Arguably the most talented junior to come out of the Newtown district during the latter stages of the 20th century, Sigsworth played a highly prominent role in Newtown’s return to respectability during the early 1980s. After representing Australia against France in 1981, the utility back shifted to Manly for the 1983 season, where his strong showings in the centres saw him named Rugby League Week Player of the Year. He joined Canterbury in 1985 and earned an unwanted slice of rugby league history the following year after being sent off in the club’s grand final loss to Parramatta. Recruited by new Tigers coach Bill Anderson for the 1987 season, Sigsworth struggled with injuries while at Balmain and retired after just nine first-grade appearances.
After making his first-grade debut as a 17-year-old for Balmain, Morris arrived at Newtown the following year after an approach from Jets skipper Tommy Raudonikis. After spending the majority of the season in reserve grade, Morris was elevated to first-choice five-eighth on the eve of the 1981 finals and was Raudonikis’ starting halves partner in the grand final loss to Parramatta. When the Jets folded at the end of 1983, Morris shifted to St George with whom he spent two seasons before knee injuries forced him into retirement.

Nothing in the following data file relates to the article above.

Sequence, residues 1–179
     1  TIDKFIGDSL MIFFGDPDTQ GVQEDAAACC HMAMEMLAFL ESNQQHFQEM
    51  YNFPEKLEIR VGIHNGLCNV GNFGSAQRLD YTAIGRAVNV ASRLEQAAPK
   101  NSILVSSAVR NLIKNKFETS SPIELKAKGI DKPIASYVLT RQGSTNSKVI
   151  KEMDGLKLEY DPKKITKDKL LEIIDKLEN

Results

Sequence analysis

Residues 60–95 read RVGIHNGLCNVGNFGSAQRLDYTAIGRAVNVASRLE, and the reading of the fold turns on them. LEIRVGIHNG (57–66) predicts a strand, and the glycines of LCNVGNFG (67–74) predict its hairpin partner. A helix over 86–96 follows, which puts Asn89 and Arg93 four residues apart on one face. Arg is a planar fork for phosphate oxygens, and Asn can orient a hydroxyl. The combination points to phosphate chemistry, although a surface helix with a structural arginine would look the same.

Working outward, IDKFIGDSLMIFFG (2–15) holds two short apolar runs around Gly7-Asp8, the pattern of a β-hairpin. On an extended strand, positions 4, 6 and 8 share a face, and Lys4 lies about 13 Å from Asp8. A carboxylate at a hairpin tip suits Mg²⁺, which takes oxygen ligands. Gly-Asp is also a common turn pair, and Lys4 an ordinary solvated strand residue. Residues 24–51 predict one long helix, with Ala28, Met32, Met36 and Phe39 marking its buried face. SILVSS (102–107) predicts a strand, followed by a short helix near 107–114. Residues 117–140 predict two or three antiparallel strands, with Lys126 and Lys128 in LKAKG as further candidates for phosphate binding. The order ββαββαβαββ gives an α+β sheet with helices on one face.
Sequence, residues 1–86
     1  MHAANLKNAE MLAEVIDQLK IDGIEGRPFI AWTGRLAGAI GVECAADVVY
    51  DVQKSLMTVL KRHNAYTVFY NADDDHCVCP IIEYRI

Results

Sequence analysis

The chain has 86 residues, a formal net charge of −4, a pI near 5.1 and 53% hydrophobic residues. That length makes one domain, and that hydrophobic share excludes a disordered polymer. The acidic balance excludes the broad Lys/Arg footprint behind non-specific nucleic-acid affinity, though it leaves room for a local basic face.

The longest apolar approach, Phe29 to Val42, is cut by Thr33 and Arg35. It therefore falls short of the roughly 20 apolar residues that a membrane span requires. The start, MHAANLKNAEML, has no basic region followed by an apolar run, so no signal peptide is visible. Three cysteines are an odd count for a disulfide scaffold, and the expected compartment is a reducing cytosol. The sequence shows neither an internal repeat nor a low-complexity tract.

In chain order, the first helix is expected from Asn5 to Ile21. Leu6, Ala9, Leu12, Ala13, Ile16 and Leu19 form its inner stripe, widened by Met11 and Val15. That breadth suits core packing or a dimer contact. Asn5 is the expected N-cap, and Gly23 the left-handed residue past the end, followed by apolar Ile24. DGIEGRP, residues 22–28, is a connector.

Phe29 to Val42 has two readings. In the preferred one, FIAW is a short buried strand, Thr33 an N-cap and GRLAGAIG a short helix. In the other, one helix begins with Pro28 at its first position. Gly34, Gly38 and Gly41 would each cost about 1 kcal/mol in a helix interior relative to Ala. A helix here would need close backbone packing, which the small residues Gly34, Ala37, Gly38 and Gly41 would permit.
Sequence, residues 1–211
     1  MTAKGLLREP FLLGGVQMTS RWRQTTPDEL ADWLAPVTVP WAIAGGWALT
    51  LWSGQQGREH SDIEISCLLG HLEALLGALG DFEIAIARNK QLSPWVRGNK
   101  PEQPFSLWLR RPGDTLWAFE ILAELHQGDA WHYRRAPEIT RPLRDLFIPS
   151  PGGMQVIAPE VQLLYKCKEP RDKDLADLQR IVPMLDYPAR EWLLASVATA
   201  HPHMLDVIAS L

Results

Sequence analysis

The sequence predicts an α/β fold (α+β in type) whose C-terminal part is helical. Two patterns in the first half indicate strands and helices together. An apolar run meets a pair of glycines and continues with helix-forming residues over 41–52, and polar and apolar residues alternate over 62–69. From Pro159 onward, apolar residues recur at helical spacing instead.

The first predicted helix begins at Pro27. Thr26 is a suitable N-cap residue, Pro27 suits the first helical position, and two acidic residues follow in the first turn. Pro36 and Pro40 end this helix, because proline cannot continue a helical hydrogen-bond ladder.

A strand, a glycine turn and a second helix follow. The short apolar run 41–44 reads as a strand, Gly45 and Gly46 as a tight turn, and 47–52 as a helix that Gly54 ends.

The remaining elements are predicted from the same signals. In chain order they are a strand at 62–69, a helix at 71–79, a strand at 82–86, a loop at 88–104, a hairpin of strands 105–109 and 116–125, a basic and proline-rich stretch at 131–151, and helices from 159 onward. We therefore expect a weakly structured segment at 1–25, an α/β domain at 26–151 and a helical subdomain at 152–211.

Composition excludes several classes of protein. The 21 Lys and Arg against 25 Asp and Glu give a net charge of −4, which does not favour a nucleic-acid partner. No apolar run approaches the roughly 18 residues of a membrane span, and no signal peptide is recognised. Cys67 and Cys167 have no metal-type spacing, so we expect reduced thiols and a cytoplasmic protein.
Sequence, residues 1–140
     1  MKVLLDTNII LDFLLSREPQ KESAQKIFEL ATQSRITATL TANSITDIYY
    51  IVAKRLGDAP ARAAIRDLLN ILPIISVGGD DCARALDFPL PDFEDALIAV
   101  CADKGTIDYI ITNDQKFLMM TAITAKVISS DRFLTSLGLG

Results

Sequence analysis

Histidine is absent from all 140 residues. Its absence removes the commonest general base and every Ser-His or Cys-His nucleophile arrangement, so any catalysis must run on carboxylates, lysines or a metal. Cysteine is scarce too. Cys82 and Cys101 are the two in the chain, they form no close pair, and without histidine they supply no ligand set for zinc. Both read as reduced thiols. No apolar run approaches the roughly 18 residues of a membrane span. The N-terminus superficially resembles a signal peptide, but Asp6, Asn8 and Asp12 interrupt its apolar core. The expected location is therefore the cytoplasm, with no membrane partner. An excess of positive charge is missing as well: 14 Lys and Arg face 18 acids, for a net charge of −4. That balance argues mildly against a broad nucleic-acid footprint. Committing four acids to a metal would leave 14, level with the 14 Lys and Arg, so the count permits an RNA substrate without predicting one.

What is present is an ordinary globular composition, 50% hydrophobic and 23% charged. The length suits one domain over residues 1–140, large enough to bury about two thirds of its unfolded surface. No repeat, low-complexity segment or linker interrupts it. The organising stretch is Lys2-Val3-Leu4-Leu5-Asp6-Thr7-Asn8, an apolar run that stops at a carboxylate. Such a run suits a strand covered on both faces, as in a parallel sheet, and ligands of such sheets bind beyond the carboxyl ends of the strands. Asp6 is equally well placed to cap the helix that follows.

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Here’s some news about a great Newtown RLFC membership promotion – plus the Newtown Jets are going to the 2022 World Cup … and how!
Newtown Jets respect and honour the Traditional Custodians of the Land and pay our respects to their Elders past and present. We acknowledge the stories, traditions and living cultures of Aboriginal and Torres Strait Islander peoples on the lands we meet, gather and play on and that the land area encompassing Henson Park traditionally belonged to the Gadigal people of the Eora nation.